Space fever: a real problem on the path to conquest of outer space

A new study shows that the so-called cosmic fever is not a myth at all. With a long time in microgravity, the body temperature can increase, and with physical exertion it increases even more. This conclusion was reached by German scientists who studied the physical characteristics of astronauts who were on board the International Space Station.

In general, an already huge list of health problems associated with being in space and facing the dream of long space travel can be added one more point.

At the same time, researchers note that the body temperature rises not instantly. The increase in this indicator can occur for several months, until the human body gets used to the conditions of missing gravity. About this, at least, say those data on the state of health that were collected before the flight, while on the ISS, and after the astronauts returned back to Earth.

The data show that after two and a half months in orbit in time of performance of physical exercises the temperature of a body of astronauts regularly exceeds an indicator in 40 degrees. At the same time, the average temperature is usually increased by 1 degree and is 37 degrees even when the astronaut does nothing.

"We have developed a new system that can record temperature readings from the skin with the help of sensors capable of recording even small changes in the temperature of the arterial blood, "explains Huns-Christian Gunga from the Charite Clinic in Berlin, one of the researchers of this project.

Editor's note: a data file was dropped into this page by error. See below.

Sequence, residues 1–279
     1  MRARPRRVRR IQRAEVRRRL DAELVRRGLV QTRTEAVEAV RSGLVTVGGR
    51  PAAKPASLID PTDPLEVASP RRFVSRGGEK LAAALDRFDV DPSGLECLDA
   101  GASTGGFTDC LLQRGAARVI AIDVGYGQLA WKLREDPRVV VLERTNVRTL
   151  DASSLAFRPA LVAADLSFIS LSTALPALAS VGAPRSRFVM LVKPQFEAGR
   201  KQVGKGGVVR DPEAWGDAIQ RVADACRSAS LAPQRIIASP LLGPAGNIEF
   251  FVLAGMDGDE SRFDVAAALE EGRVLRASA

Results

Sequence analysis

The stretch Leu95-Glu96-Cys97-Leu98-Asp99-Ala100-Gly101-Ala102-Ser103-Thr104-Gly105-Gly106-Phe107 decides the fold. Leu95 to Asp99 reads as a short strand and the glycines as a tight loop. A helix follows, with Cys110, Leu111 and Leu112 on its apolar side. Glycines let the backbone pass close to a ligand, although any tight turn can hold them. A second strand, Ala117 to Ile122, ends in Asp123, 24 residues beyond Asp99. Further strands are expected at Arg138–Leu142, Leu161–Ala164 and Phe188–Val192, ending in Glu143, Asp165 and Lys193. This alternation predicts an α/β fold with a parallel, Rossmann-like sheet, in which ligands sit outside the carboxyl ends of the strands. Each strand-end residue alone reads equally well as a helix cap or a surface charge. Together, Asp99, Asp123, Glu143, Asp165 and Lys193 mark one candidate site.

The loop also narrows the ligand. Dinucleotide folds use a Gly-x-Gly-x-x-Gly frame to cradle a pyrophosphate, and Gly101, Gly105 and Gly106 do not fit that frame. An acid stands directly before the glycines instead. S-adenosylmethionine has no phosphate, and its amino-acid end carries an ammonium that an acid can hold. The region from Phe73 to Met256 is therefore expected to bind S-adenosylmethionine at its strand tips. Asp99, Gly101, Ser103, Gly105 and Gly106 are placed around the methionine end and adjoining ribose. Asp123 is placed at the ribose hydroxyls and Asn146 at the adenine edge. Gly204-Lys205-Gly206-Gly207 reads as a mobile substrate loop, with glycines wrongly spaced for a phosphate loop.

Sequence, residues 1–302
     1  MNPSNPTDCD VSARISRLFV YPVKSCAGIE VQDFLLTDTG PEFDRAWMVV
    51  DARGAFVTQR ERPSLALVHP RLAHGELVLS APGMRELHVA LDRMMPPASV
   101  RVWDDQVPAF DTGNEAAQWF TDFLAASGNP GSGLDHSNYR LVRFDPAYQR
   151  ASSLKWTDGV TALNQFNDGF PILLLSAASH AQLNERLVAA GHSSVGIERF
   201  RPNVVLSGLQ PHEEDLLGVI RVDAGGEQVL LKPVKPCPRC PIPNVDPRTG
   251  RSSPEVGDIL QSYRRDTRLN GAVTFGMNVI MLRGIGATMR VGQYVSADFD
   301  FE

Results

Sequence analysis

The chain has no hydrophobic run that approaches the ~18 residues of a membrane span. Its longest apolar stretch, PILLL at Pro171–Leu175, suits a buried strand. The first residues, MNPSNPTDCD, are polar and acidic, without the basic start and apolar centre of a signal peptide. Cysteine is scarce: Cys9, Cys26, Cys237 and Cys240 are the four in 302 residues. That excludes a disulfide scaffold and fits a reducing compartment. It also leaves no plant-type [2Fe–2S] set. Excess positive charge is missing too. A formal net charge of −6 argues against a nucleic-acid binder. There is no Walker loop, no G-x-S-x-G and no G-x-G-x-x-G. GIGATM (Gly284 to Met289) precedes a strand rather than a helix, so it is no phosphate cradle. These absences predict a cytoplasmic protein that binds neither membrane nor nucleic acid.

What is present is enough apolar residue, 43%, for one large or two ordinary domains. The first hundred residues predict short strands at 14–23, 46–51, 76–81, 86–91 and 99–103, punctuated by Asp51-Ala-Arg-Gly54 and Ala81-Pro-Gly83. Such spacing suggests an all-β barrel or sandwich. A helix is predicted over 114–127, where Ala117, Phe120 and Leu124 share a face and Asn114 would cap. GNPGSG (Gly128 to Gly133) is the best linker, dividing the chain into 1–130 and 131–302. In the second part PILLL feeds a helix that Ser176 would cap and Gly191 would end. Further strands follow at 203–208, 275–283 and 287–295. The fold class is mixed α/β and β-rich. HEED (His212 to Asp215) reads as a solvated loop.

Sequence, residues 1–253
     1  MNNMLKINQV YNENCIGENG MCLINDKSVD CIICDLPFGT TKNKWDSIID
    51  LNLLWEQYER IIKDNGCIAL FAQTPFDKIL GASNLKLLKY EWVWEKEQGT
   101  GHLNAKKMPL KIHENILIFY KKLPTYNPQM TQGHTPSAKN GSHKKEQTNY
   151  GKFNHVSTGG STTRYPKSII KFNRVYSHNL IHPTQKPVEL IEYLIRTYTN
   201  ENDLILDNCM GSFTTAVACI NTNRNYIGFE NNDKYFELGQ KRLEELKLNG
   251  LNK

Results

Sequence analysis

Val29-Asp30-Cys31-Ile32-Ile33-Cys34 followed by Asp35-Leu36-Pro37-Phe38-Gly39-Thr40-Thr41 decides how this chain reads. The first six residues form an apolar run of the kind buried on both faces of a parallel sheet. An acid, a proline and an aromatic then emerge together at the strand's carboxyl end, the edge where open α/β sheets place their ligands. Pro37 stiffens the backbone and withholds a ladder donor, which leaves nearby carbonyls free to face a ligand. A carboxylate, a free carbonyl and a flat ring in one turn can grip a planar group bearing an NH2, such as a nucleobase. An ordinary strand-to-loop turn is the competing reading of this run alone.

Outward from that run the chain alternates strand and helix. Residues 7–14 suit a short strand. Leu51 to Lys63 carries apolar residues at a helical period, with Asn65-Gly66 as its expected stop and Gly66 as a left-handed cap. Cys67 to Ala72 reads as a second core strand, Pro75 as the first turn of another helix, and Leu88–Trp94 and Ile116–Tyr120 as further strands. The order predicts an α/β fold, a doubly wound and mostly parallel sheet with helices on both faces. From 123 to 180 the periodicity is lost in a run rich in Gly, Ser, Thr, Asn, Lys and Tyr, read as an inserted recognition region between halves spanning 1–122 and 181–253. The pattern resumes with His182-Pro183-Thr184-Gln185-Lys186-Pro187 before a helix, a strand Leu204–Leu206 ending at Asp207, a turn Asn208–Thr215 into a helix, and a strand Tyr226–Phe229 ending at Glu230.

Despite the fact that physicians and scientists are already working on some of the problems associated with long space travel, actual studies of the effects of microgravity effects on the central body temperature, which is regulated on our Earth by our internal biological systems, was very small. At the same time, monitoring the temperature of the body in space is very important, especially if we want to someday go to other planets of the solar system. Ultimately, hyperthermia and heat stroke when flying to Mars are unlikely to be of any use to anyone.

In a new study, German scientists took thermal data from 11 astronauts by collecting information 90 days before the flight and ending 30 days after return. During this time, people wore sensitive sensors on their foreheads. These sensors have shown that the central temperature of the body in microgravity grows faster than on Earth. Scientists explain this by saying that the space environment prevents the correct operation of those factors that regulate body temperature in terrestrial conditions. For example, the level of heat emitted by us changes into the environment around us, as well as the amount of sweat our body releases to cool it. In addition, in space, sweat evaporates much more slowly, which in turn can become a problem with prolonged physical exertion, as the possibility of overheating increases.

"In conditions of zero gravity, it becomes very difficult for our bodies to get rid of excess heat. The lack of heat transfer between the body and the environment can be a real problem and lead to overheating, "says Gunga.

The increase in the average body temperature index can be critical for our efficiency and well-being, scientists say. Numerous scientific studies show that the daily central temperature of a person under physical labor should not exceed 38 degrees.

The results of recent research were shared in the journal Nature.

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